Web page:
• a closer working relationship be fostered between SCAR science programs, NADCs and JCADM, through an obligation on endorsed SCAR science programs to submit a data management plan as part of the SCAR proposal and endorsement process. By getting adequate data management factored into science proposals there is a greater chance that data management aspects of the science projects will be better resourced and funded. JCADM should be called upon to assist in developing such Plans and to provide a template to ensure consistency in the matters that should be addressed. Section 5.2.1 elaborates on why data management plans are recommended and the benefits that they could bring.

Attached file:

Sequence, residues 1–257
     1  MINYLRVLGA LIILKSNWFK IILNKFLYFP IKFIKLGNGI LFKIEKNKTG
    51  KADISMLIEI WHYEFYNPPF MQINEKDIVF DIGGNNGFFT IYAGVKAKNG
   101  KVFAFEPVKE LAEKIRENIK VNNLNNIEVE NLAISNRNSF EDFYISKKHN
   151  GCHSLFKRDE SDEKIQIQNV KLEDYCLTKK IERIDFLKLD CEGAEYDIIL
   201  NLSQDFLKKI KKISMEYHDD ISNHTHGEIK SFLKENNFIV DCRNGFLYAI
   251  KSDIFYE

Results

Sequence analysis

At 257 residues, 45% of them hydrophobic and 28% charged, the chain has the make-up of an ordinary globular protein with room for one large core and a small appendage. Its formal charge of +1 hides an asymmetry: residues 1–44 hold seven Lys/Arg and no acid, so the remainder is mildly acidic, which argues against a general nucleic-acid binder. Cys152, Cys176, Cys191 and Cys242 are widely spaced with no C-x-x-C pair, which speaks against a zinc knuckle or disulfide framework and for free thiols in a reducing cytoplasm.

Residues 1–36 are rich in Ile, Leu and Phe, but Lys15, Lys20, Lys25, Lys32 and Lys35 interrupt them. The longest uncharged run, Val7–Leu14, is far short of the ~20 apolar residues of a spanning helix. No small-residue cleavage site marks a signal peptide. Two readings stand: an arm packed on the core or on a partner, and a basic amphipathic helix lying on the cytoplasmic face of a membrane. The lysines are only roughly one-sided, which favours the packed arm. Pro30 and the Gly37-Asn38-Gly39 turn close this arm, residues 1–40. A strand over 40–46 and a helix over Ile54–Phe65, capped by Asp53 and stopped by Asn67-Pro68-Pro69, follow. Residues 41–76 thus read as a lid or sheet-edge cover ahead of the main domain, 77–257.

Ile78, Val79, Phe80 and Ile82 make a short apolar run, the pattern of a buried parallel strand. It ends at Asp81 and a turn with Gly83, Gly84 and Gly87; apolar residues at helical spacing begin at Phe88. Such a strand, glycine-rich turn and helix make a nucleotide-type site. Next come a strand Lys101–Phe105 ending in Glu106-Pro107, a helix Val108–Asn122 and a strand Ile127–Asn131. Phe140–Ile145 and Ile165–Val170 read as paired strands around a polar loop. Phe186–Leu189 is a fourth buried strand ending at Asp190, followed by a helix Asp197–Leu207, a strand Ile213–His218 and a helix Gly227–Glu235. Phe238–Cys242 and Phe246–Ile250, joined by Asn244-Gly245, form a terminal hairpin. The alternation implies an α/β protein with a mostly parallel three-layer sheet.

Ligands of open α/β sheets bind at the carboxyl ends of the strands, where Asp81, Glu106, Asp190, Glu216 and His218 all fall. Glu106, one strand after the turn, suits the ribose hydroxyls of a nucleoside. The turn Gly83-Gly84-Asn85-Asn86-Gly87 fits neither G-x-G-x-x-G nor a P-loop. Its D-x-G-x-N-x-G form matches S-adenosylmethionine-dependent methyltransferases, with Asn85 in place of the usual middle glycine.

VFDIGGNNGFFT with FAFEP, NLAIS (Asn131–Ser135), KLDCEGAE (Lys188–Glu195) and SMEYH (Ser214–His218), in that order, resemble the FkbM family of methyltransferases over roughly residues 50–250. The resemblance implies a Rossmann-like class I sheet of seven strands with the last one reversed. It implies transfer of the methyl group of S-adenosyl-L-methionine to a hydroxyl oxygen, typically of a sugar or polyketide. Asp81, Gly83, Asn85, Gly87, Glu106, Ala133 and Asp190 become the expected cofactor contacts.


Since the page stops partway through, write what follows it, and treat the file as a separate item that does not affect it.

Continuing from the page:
To date SCAR data management has mainly been undertaken as the marginal cost of doing science. The task has been accomplished largely through voluntary labour provided by Members, particularly where shared infrastructure services have been developed. Many of the more mature national programs are now experiencing decreases in their program budgets making it difficult to continue substantive voluntary contributions that primarily support the common good, as opposed to national interests. A focus on national interests neglects the benefits that can accrue through taking a pan-Antarctic approach. Now is the time to start seeking external funding sources to support some of the key data management activities required to develop the pan-Antarctic Data Management System (ADMS) from which all Members should benefit. Section 5.4.2 makes this case and also posits that linking with a small number of well-resourced, emerging data networks would give SCAR a kick-start in terms of leveraging some existing core capability.